Chinese Homeschoolers and the Super Power Blog


Blogs must have some kind of built-in super power.  Immediately after writing an entry about wanting to attend a homeschooling workshop in Beijing, the doors rushed open for its fruition through an inadvertent mistake.  Due to my clumsy reading of Chinese characters, I incorrectly pegged the date in July but it was actually June.  As soon as I pressed the blog publish button, I realized the mistake and made a split-second decision to take the train to Beijing.  In my excitement, I also misread the address in Chinese.  I thought the venue was near the Beijing South Station when it referred to another south station all the way at the opposite end of the city.

Anyway, I made it to the workshop and finally met the people whom I’ve been wanting to meet for the longest time – Chinese parents who homeschool their children.  I arrived a little after five o’clock when participants were sharing their own homeschooling stories.  Everything was in Chinese so most of it flew over my head; I could only catch some words and concepts.  Even if I couldn’t understand most of it, the parents’ spirit of enthusiasm didn’t need any translation.  They were so eager to share that even if they were given only ten minutes to speak, most people expounded beyond that.  I expected more moms to be in the audience of around forty people, but the fathers turned out in full force, while children played in the background creating not as much ruckus as anticipated.

The most surprising participant was Mrs. Wu who had five children whose ages ranged between seven and one.  She and her husband take care of their children during the day and during the night, they tutor other people’s children.  I also met Mrs. Wang who has a son and daughter.  Her very own supportive mother came to the workshop to help take care of the kids.  Mrs. Wang teaches computer in middle school and does not let her children watch TV or use gadgets so that they appreciate studying more.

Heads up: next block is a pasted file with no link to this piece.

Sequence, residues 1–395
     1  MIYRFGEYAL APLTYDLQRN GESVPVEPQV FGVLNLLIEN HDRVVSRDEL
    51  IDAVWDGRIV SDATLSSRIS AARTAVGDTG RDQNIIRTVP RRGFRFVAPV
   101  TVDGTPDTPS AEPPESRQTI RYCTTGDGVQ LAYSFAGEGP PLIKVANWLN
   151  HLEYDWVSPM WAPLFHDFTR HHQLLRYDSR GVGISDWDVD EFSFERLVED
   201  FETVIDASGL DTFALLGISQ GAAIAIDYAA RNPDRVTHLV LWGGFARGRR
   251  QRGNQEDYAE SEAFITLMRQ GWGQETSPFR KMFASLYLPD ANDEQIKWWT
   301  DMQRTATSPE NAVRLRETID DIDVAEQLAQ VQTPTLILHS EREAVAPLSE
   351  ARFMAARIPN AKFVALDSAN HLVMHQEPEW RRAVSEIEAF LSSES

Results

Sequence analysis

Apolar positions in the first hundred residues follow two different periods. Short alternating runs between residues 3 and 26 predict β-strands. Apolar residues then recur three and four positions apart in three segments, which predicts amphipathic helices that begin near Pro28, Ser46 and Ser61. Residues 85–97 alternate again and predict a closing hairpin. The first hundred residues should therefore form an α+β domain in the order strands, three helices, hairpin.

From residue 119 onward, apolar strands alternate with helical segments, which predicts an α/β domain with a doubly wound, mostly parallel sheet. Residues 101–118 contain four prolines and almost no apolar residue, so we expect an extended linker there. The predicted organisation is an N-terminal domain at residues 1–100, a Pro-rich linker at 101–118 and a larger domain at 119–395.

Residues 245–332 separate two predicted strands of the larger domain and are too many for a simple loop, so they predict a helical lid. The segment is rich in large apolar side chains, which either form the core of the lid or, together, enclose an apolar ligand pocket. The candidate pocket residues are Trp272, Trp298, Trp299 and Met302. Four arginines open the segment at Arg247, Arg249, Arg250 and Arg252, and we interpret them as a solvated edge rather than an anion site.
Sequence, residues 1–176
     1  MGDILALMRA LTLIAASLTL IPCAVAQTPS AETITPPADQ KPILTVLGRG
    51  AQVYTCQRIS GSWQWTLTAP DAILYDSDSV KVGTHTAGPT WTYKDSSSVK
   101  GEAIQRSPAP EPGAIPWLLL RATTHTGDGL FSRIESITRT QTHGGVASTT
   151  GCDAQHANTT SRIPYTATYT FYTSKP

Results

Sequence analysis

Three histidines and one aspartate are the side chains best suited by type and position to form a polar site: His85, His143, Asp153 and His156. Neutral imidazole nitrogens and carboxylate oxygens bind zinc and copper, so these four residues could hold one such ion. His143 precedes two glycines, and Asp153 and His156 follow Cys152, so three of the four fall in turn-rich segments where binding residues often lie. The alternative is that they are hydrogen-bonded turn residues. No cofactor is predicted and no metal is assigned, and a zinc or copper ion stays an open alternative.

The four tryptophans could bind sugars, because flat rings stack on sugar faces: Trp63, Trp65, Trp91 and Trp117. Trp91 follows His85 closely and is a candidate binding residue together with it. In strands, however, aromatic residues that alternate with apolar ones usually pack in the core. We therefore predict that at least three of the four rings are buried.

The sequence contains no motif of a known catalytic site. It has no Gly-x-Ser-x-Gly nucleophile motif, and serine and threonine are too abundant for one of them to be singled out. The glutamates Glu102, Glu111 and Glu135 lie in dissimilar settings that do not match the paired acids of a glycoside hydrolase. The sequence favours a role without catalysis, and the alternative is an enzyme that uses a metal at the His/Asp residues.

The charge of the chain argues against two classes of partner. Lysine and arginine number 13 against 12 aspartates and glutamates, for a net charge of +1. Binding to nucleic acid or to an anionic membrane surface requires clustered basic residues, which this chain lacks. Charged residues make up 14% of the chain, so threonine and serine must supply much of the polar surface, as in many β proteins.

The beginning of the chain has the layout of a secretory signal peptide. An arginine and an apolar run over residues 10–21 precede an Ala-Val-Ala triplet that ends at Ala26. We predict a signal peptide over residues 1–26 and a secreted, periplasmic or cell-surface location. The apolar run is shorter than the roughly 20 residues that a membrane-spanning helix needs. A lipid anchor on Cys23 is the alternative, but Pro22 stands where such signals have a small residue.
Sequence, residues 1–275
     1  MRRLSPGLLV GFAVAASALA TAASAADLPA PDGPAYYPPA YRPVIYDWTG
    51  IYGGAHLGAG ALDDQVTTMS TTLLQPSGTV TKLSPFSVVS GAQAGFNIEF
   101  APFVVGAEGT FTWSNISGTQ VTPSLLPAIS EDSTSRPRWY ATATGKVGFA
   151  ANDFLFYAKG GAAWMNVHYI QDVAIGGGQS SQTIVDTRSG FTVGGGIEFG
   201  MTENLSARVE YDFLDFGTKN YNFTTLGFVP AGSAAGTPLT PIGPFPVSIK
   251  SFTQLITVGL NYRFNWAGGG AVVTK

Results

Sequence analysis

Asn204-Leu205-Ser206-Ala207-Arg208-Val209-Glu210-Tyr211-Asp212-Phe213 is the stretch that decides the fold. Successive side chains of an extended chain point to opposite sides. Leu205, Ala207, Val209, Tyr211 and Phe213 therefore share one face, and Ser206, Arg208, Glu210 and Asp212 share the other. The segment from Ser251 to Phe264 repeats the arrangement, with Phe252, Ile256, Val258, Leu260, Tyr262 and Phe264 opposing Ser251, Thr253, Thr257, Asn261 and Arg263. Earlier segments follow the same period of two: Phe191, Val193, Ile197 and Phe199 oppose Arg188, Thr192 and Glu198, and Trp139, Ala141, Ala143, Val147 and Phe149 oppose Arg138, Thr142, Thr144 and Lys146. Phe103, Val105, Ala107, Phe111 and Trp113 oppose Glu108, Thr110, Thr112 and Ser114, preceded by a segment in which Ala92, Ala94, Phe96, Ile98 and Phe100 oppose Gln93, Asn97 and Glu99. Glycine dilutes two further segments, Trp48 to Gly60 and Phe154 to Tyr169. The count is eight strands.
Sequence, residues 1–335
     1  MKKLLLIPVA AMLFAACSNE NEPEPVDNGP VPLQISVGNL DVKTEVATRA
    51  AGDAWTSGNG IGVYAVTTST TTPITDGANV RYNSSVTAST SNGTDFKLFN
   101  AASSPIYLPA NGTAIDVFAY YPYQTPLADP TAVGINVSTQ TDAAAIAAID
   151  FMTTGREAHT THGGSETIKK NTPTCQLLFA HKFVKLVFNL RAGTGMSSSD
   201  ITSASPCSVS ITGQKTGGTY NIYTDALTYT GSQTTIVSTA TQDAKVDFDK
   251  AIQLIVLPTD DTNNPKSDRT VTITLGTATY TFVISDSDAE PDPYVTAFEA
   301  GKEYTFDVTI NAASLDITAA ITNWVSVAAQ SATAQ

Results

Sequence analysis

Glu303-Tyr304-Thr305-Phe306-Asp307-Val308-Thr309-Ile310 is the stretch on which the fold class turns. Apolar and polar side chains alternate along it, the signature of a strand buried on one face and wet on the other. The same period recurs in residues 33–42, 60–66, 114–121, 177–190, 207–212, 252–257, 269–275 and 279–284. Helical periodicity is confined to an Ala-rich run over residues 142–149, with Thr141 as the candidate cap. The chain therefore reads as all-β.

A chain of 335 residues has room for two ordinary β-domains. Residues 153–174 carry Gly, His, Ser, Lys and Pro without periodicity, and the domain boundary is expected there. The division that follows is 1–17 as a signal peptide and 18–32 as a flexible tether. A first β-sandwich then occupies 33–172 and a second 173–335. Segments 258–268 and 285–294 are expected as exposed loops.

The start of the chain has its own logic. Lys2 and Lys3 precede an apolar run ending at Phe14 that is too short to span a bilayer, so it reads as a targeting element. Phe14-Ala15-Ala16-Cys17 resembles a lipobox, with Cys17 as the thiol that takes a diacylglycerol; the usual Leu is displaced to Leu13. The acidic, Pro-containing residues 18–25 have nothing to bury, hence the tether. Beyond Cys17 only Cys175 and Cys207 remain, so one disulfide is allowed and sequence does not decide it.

Majority of the people were Christians and the guest speaker from Huizhou, Guangdong was a pastor who had three children.  Following are points I gathered while talking to various parents in Chinese:

  1. If you have points of disagreement with your husband then listen to your husband. This is a very Christian and biblical perspective of marriage.
  2. One mom plans to homeschool for the first nine years of her children’s life but she will eventually enroll them in middle school.  She explained that before, this couldn’t be done but there is a new law that allows parents to combine homeschooling and regular schooling.  As long as you register your child in a school, you can homeschool and then later, if you choose, they can join the formal school.
  3. Make studying a reward, not a punishment.  Make it something they want and look forward to.  But what if it’s already the opposite? What if it’s already a chore?  Maybe it’s because they use the tablet or watch TV too much so when compared to those, studying is not fun.  Studying competes with gadgets and TV so studying can lose by default.
  4. There are a number of homeschoolers in Dali, Yunnan where we plan to move. One mom pointed out to me the forum for Dali homeschoolers in the China homeschooling website.
  5. A mom with four children shared that the most important thing in the first year is to build the relationship between parent and child and to train them to obey the parent.  This is more important than teaching them knowledge.  In the second year, you can then teach knowledge and train them to study on their own.
  6. Another mom started homeschooling only when her son turned sixteen.  Her son does not have to take the gaokao because he is planning to major in Bible Studies and attend a Christian University in Beijing where the gaokao is not a requirement.
  7. Is it possible to attend top Chinese universities like Beida and Tsinghua without going through the gaokao?  It’s possible for people to attend classes without enrolling.  You don’t get a certificate but there are people who sit in the classes for the sake of learning what they’re interested in.  Makes me want to try that out myself.
  8. Relax. Don’t stress about things. Don’t put pressure on yourself or on the child especially when it comes to reading.  It’s easy to feel pressured about reading but you should remove the pressure so learning how to read becomes pleasant.

While I was attending this talk, Jimmy spent time with his Gugu (Aunt) while Jason and Joshua trekked up Wu Tai Shan.  We were each in our own homeschooling world, learning the way we felt best.

After the talk, I need to assess, change and improve some of my techniques.




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